31. FredTheCat says:

    Curiously, my daughter’s BofA savings account was almost “claimed” by California recently.

    A number of months ago we opened her a savings account with a hundred bucks or so in there just earning what BofA jokingly calls “interest”. Then a few weeks ago she starts getting letters from BofA stating that they believe it’s unclaimed property and she has to fill out a form to verify she’s still aware of it. I had her close the account and set her up with ING where she not only gets to keep her savings but actually earn reasonable interest.

    What’s the point of a savings account that you can’t just leave untouched? BofA seems awful eager to chase away customers. I’ll be moving both my business and personal checking out of their hands in the next few months.

  32. tcp100 says:

    @Skeptic: The power of a corrupt few to corrupt a whole system is great, and I think this is what we’re seeing here. I believe that this will be “corrected”, as happens in government.

    What I’m saying is that California’s government as a whole probably did not collude to come up with a scheme to bilk constituents. What probably happened amounted to a “perfect storm” enabling ease of abuse of this law, and as humans are wont to, some clever policymaker somewhere took advantage of it to help meet his budgets.

    Look, I understand the distrust of government, and I think it is healthy and actually patriotic. However, the Internets seem to have an overwhelming lean towards belief in an evil Illuminati that are trying to steal your nickels. In reality, it’s not that simple, and such a concept illegitimizes a site like the Consumerist.

    I just want to make sure that a line can be drawn between officials (who, by the way, are pressured to meet numbers and pay for public services by the public) who take advantage of a crappy law that should be repealed, versus the folks who think water fluoridation is a mind control experiment.

    Is the government of California evil? Maybe, currently, in parts. But that ain’t nobody’s fault but the People of California. Stop paying attention to Celebutantes going to jail for DUI, and maybe demand local papers start a column about “legislature and how it will affect you”. Have your teachers educate kids about personal finance, not just how to ace a standardized test so you can brag. Hell, make sure your teachers know the difference between a tax and a fee, or APY and APR, or numerous other things before they can teach. Teach kids that escheatment periods and interest are both properties of a bank account.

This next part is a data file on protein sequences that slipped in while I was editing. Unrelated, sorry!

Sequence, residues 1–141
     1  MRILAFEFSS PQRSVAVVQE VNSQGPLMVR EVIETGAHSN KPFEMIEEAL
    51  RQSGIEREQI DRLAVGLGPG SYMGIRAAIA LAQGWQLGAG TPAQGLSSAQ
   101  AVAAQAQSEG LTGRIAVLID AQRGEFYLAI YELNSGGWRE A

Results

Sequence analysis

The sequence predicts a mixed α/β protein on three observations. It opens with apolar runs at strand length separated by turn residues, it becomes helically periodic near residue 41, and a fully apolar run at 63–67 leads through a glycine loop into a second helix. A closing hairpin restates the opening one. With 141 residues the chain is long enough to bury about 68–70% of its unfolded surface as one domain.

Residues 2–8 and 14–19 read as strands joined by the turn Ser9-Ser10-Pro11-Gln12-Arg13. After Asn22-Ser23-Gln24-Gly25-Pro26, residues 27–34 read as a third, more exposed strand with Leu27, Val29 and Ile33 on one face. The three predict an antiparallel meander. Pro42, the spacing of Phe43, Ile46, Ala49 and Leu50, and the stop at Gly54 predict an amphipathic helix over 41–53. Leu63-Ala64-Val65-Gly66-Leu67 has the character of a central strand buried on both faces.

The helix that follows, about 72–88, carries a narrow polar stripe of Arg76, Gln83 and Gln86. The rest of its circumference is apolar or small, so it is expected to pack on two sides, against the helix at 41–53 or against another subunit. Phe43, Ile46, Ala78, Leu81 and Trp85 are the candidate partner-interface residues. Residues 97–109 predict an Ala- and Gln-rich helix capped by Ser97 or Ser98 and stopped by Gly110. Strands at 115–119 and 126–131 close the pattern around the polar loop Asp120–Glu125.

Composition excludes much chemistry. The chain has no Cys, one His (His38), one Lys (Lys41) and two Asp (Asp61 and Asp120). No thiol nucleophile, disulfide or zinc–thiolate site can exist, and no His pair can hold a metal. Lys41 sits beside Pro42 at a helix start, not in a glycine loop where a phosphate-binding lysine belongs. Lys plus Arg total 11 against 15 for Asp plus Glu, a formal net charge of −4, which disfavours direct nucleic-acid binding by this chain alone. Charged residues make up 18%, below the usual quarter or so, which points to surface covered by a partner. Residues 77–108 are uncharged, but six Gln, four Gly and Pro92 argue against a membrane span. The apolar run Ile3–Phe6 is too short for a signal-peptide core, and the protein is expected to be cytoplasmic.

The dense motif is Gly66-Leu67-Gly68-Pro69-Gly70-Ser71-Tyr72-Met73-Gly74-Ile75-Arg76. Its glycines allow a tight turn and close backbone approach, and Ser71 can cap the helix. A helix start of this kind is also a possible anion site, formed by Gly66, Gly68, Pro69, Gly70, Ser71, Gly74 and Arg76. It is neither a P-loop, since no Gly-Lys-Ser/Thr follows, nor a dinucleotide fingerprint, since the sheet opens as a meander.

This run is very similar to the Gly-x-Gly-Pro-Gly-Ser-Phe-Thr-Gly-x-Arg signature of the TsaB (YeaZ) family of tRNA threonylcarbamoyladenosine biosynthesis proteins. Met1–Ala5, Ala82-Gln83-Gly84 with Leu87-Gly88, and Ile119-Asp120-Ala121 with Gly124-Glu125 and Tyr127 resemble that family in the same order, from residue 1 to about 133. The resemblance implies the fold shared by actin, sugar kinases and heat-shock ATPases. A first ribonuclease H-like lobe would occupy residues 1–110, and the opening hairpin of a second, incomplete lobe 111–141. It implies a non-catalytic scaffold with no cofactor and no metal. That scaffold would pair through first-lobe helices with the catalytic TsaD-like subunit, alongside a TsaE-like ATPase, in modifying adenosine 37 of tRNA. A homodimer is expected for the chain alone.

The people are woefully misinformed, through both their own faults and lack of coverage, of issues concerning property, personal finance, taxes, and the government. This is a sad state of affairs, and a place where sites like this could do some good.

  33. tcp100 says:

    @FredTheCat: It’s not necessarily BoA. Many state laws require banks to contact consumers after a period of perceived dormancy. A “number of months” should not trigger that, though – some date was probably wrong somewhere.

  34. Bryan Price says:

    It’s been a few years since I was on the government side of unclaimed funds. OK. According to Ohio laws, (comment deleted) if you haven’t paid for your box for three years, the lock gets drilled and the contents get taken by the state. It was sometime in the ’90s (when I was working) that the state was allowed to sell what they found in the box. Which was done primarily for the stock certificates that they had found. And then another law that got passed as I was leaving required them to sell everything.

    That division was pretty much already Y2K compliant because they had to deal with things like birth dates and account dates that were in the 19th century. I digress.

    This is interesting because it looks like this has already hit the fan.

    And yes, you are supposed to get what I call the “drop dead” letter stating that if you don’t do something, your funds will go to the state (and I have gotten those letters).

    And yes, you may have an active account, but if you haven’t paid your safe-deposit box rent… Then again, if you never received a bill for the box rent…

  35. Jiminy Christmas says:

    @Myron: You can’t beat the price though, can you?

  36. TechnoDestructo says:


    Did you read the article? This isn’t about the CONCEPT of seizing abandoned assets being wrong. It’s about the either grossly incompetent or willfully ignorant application of that concept. Before you start waving your legal e-penis around make sure you know exactly what you’re waving it at.

    “Robin Johansen, a private attorney representing the state in the Palmer litigation, said the allegations made by Palmer’s clients have yet to be tried in court. “To portray these individual stories — even if they are accurate — as representative of the entire system, I think is a colossal mistake,” she said. “What we have is a system similar to every other state. To simply assert without proof that you never received notice — that needs to be tested.””

    To simply assert without proof that there is no easter bunny…that needs to be tested.

    No, if you provided notice, you should have some proof of that. You can’t prove that you never received something. You can’t prove that something does not exist.

    I believe this is her email address.

  37. Asherah says:

    @Bryan Price: You’d be surprised how many customers move without notifying banks etc. of the forwarding address or activating mail forwarding via the USPS. There are many consumers who neglect to do the simplest of things that can easily facilitate communications with those they choose to do business with. Just noting this simple fact about why many folks don’t receive important notices, its always better to double check address/phone changes at least a few times with everyone!